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Monday, March 14, 2011
Updated: March 17, 7:35 AM ET
Patriots in the park

By John Symms
ESPN Action Sports

Have you watched a halfpipe contest lately? For the last three years, nearly every big pipe event has ended with a podium topped by a guy waving a French or Canadian flag. On the bright side, the Good Ol' US of A is home to some of the world's best slopestyle skiers. So even if France takes pipe again this week at the second-ever Winter X Europe, slope will go to the mighty red, white and blue — not the French kind, the American kind.

After making that claim, I might as well start off with the one American who won't be taking slope for the States. Sammy Carlson recently made it public that he won't be competing this week in Tignes, despite having just won his first Winter X Slope gold medal this January in Aspen.

"It's hard passing it up," said Carlson, who would have been an obvious favorite in Tignes. "But I always told myself that when I won X I would go out and put together best pow segment [to] show people I got this any way they want it."

Alex Schlopy is on a winning streak this season.

Carlson has given film projects high priority throughout his career. It turns out that conditions in Whistler, where Carlson is currently filming with Poor Boyz Productions, were too good to pass up. "If I were Sammy, I probably wouldn't have left either," said Ian Cosco, a Canadian competing in Euro X Slope. "The snow in Whistler is all-time right now."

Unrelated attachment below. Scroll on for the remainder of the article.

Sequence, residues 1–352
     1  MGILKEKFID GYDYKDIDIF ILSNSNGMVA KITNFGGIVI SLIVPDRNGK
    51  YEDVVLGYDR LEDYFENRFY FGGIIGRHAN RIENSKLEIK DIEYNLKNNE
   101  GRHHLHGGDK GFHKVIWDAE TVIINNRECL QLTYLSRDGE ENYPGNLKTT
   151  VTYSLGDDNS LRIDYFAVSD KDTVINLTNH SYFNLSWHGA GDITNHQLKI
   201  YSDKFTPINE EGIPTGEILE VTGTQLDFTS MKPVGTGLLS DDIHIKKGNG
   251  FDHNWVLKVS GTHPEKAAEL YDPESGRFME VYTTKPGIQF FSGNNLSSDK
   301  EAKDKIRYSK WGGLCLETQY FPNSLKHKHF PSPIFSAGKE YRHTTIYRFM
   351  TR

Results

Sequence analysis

For slope skiers in Tignes, Carlson's absence is big news, and not bad news, of course. According to Cosco, "It definitely has everyone thinking the chances for a podium got a bit easier."

A bit easier for, say, Alex Schlopy? The 18-year-old Park City skier has been hotter than a ten-dollar Rolex this season with wins at Winter X Big Air, FIS World Championships Slope and the Winter Dew Tour final, all in the last six weeks. If Schlopy keeps winning like this, he may have to submit to a psychiatric evaluation, or at least freeze his Twitter account.

"I'm not sure how I'll do," Schlopy said last week in a telephone interview. "I still have a lot of tricks to work on." Something besides a rock-solid 1620?

Given the roll he's on, it defies logic somewhat that Schlopy's pick for Euro X slope wouldn't be himself. At least it's one of his countrymen. "Overall domination status would have to go to Bobby Brown," said Schlopy. "He's pretty ridiculous."

Coming off a 4th place finish at Winter X, Bobby Brown hopes to do better in France.

Remember Bobby Brown? A year ago, Bobby brought out tricks that he invented to become the first skier to win two gold medals at one Winter X Games. A year later at Winter X 15, Bobby battled through hobbling hip and lower back pain to become the first 19-year-old in Winter X history to be disappointed with silver in Big Air and fourth in Slope.

"I definitely let a lot of stuff get to my head during Winter X," Brown said. "I'm stoked to go into [Euro X] with a whole new mindset. Have a clear mind and go out and ski and have a good time."

When Bobby Brown is having a good time, he's winning. Besides that, ahem, disappointing fourth-place slope finish at Winter X 15, Brown has a win at the Killington Winter Dew Tour and a second-place finish at the Breckenridge Winter Dew Tour this season. While other competitors run last-minute cram sessions to learn new tricks for Euro X, Brown says his biggest concern is "coming up with a different grab with all those tricks. I've been struggling with that a little bit. I don't know, we'll see how it goes."

Brown said that minor soreness in his knee has kept him from tweaking mutes the way he'd like to, forcing him to experiment with adding different grabs to his extensive trick repertoire. That's it. Grabs. That's everything working against Bobby Brown at Euro X.

Reigning Euro X Slopestyle champ Tom Wallisch, who had a shoulder blade fracture sustained in early January that forced him to withdraw from Winter X slope, failed to qualify for finals.